Remove ads

Introducing the LemonFools Personal Finance Calculators

Investing lump sum

Investment discussion for beginners. Why you should invest your money, get help getting started
cartsman2
Posts: 19
Joined: March 18th, 2018, 1:54 pm
Been thanked: 1 time

Investing lump sum

#125807

Postby cartsman2 » March 18th, 2018, 4:30 pm

Hi

First post on Lemonfool, I was active on the old Motley Fool board quite a few years back but have been an extremely passive investor the last decade or so (for reasons which I'm about to explain) and now need to start getting involved again.

My potted investing history is that I was pretty sensible when I first started work in the late 90s. Managed to get on the property ladder early, avoided any debt other than mortgage, put what money I could afford into an ISA. Mostly ETFs, dabbled in some individual stocks with amounts I could afford to take risks with, won some, lost some. 8 years ago I managed to quit my job, start a business with 2 ex-colleagues, become a dad, and buy a doer-upper of a family house within the space of 6 weeks. Since then I've not really had the time nor money to be much of an active investor. Time has gone into building the business and being a dad. Took as little money out of the business as we could while it was getting started, and what money I did take out has largely gone on improving the house.

And now we've sold the business and I find myself with the (nice) problem of what to do with the proceeds having not really been involved in the market for close to a decade (I still have the ISA and it's done OK). It's a nice sum of money (about 7x my gross annual salary), but not into "driving a Ferrari and never having to worry about money again" territory. I literally don't need to spend a penny of it right now. Our only debt is our mortgage, which is locked in at a good rate and very affordable (about 75% equity in the house). I could pay it off when the current rate expires next year, but quite like the discipline of the monthly payments while interest rates are low. Love our house and not interested in moving up the ladder. We're happy with our lifestyle and can cover it comfortably out of our salaries, or just from my wife's salary with a few sacrifices. I'm 42, not ready to stop work and certainly can't afford to, but my work is pretty stressful at times and so this money is my chance of building the kind of financial security that means I have the option of retiring earlier, or more likely of taking a pay cut to do something less stressful. May also give us the chance to help the kids with university and/or buying their own property when the time comes (at least 10 years away!).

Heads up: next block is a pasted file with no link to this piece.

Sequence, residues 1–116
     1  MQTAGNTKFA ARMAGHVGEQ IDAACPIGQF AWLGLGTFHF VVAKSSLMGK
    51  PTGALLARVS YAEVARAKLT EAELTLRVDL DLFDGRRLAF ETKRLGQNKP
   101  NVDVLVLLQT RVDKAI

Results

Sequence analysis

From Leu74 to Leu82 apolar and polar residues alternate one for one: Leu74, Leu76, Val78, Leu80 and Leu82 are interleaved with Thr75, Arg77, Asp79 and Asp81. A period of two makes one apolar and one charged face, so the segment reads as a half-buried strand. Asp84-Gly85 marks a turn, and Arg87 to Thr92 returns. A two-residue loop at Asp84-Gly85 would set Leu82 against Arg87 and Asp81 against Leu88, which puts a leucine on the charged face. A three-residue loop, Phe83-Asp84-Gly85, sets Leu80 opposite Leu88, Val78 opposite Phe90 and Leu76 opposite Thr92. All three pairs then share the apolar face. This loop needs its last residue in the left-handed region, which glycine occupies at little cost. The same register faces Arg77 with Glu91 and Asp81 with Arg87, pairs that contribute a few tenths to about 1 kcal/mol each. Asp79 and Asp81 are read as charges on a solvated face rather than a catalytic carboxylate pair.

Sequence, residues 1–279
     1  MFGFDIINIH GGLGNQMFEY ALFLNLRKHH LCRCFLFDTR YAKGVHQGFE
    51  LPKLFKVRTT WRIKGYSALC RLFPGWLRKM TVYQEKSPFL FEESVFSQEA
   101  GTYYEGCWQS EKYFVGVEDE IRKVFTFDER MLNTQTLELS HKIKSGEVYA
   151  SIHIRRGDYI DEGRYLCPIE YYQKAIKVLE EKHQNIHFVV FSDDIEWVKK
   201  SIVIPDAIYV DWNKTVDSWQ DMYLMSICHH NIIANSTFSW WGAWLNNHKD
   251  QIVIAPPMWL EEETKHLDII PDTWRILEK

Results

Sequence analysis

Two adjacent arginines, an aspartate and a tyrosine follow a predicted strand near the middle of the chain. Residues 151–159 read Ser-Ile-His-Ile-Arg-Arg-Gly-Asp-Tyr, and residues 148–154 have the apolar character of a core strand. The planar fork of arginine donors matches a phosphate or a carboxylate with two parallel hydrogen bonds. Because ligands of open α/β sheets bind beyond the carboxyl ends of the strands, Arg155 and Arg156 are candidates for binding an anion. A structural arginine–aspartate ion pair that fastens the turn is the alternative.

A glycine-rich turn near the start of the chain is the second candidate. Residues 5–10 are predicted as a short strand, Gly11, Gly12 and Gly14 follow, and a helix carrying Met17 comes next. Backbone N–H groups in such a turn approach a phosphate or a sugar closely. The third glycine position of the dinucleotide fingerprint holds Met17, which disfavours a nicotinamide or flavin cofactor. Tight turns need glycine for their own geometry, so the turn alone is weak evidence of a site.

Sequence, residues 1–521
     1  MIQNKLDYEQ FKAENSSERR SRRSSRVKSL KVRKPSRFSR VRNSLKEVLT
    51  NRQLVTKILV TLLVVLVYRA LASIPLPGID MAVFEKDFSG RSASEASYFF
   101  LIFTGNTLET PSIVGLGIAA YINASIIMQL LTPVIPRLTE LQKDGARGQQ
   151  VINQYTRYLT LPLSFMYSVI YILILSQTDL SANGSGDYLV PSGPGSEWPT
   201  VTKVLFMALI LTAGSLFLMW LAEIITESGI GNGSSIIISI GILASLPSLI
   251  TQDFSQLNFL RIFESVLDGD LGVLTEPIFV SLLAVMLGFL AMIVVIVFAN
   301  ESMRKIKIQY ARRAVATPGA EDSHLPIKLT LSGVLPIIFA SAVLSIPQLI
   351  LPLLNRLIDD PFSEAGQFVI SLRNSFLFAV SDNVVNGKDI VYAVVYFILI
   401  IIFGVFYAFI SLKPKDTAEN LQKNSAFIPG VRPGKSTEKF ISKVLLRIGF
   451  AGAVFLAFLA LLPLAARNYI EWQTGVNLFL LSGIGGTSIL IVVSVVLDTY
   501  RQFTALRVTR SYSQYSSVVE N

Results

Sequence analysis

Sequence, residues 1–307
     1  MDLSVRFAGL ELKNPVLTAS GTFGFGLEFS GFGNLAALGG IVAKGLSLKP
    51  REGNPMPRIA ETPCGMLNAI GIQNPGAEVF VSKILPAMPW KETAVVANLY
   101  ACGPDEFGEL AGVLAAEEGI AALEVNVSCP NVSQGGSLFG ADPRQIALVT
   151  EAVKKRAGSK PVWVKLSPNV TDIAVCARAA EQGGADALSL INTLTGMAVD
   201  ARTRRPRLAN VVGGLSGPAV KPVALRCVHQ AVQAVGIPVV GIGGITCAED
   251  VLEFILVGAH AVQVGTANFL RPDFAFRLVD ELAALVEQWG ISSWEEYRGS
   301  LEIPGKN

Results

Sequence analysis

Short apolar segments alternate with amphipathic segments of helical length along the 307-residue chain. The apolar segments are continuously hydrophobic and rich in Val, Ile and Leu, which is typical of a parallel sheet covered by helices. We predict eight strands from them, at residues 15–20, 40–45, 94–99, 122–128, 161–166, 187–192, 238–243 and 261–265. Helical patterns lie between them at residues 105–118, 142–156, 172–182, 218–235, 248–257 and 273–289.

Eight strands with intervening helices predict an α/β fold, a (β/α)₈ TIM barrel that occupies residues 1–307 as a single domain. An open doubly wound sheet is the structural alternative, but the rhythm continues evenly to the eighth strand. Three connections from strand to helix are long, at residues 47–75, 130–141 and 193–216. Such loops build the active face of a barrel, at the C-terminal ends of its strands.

And my problem is that I feel like a rabbit in the headlights! When I was squirrelling away relatively small amounts of money on a regular basis I was happy to take risks and learn as I went along. I'm a bit daunted by having what is for me such a large lump sum to invest, I'm in an incredibly lucky position but there's also a lot of pressure to get it right as this sort of money isn't coming to come along again - I know myself well enough to know I'm not a serial entreprenneur. Stock markets seem high to me at the moment and I'm worried about buying at the top of the cycle - I know many people say don't worry about trying to time the market, but while that advice is sound when you're investing monthly as it averages out over time, it doesn't seem so good when you're investing all in one go. Property also doesn't seem like great value right now, and extra stamp duty and scrapping of tax relief on second homes make being a landlord less attractive. To be completely honest, I don't really know much about other classes of investments like bonds. I'm going to be reading up on here over the next few weeks.